Plane Reaches 10,000 Feet Before Anyone Discovers MAJOR Problem

( – On October 4th, an Airbus A321 passenger plane climbed to 10,000 feet before anyone discovered that the plane had a major problem: it was missing two windows.

A spokesperson from the United Kingdom’s Air Accidents Investigation Branch (AAIB) said the Airbus took off from the runway at London Stansted Airport and was on its way to Orlando International Airport. While no one noticed that two windowpanes were missing, the flight “concluded uneventfully” after the pilots turned around and headed back to London to land.

After the plane was airborne, passengers noticed that the inside of the plane was colder than usual, and the noise level was unusually high when the seatbelt sign turned off when the plane reached 10,000 feet.

The plane’s cargo loadmaster noticed that one of the seals on the window was “flapping in the airflow.” The loadmaster notified the three pilots and the rest of the crew, prompting the pilots to slow the plane and level off at 14,000 feet. Strangely, the plane’s cabin pressurization appeared to be normal and nothing seemed obviously out of the ordinary.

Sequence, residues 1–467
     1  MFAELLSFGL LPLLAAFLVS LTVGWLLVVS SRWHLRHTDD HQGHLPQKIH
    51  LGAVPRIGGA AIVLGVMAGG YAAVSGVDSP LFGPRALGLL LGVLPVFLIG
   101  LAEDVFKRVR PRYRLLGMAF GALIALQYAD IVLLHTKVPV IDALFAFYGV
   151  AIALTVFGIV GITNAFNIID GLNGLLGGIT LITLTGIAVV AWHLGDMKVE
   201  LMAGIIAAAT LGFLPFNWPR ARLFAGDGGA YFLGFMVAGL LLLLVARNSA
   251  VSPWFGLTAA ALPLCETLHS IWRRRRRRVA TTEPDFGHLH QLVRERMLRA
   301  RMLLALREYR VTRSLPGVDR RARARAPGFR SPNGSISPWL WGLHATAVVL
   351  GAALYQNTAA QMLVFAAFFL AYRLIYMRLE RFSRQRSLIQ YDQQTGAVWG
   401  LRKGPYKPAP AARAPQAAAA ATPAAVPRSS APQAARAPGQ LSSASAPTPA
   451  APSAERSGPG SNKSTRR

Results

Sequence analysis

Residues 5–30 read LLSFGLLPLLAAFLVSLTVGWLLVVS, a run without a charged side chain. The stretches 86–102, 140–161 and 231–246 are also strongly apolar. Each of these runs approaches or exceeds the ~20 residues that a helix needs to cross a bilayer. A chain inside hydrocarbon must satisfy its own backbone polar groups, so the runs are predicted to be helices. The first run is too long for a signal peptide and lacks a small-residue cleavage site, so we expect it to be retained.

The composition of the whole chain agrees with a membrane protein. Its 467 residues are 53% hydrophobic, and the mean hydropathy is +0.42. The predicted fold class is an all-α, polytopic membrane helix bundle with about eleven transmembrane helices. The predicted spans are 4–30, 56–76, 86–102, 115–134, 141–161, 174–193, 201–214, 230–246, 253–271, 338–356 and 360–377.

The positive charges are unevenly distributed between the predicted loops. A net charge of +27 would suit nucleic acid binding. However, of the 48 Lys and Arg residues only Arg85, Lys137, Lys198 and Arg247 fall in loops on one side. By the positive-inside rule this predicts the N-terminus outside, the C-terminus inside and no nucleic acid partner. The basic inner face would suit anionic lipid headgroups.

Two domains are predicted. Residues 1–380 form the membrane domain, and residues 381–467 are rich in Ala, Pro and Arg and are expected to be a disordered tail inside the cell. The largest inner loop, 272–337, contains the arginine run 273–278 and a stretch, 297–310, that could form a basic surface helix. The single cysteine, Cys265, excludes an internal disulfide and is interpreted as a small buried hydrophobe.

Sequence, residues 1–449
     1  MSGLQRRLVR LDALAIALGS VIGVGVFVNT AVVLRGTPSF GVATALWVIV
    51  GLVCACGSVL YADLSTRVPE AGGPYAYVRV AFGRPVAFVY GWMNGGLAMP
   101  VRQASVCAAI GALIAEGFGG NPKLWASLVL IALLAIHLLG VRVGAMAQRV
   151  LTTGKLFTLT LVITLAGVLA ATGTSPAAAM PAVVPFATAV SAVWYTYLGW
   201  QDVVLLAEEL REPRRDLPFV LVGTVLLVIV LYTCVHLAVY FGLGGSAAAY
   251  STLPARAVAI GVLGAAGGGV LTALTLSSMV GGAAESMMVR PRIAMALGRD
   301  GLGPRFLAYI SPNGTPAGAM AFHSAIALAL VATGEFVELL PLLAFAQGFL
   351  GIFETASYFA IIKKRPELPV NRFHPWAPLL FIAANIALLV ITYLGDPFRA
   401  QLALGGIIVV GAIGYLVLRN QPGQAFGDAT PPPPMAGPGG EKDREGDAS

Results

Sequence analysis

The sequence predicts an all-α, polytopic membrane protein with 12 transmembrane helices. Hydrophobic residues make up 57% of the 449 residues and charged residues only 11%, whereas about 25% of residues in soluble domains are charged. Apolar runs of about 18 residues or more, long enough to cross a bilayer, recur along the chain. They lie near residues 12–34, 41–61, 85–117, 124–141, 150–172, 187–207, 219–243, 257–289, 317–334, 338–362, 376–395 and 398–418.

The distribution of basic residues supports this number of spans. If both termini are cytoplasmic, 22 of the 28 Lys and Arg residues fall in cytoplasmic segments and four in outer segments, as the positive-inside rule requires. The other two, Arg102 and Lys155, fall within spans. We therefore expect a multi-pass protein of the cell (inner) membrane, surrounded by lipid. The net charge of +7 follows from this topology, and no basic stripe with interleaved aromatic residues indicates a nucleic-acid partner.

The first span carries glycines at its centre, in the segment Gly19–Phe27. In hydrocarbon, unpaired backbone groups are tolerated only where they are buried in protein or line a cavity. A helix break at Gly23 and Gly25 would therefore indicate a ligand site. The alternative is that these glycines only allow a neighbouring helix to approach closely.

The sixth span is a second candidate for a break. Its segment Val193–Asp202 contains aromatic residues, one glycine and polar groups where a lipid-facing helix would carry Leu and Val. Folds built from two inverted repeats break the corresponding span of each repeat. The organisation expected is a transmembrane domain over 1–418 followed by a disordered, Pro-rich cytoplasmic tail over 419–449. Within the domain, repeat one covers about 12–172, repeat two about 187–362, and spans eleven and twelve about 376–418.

After a pilot and the plane’s engineer inspected the windows, they decided to plane turn around and fly back to London. The Airbus A321 was only in the air for 36 minutes before it returned to the runway.

After landing and a ground inspection, staff discovered that two windows had only what are called “scratch panes” within the frames. A scratch pane is a transparent plastic barrier that stops passengers from touching the inner and outer panes of the window that actually seal the cabin in order to allow it to be pressurized. Ground crews discovered that two windows were missing their usual pressurization panes located on the outside of the aircraft. They also found that rubber seals were missing. A third window was missing both its rubber seal and its inner pressurization pane.

The Airbus A321 was used for filming the day before the passenger flight, exposing the aircraft for 5 ½ hours to high-powered lights. The UK’s AAIB said the plane suffered heat damage from the high temperature of the lights, which warped the window panes and likely caused them to fall off. There was also damage near an emergency exit.

Fortunately, the AAIB wrote that the staff noticed the missing windows at 10,000 feet, which is the maximum height commercial planes can fly at before the cabin must be pressurized to allow passengers to breathe. The inner scratch panes cannot contain the pressurized atmosphere in the cabin by themselves, and if the plane had climbed much higher, they likely would have blown out entirely.

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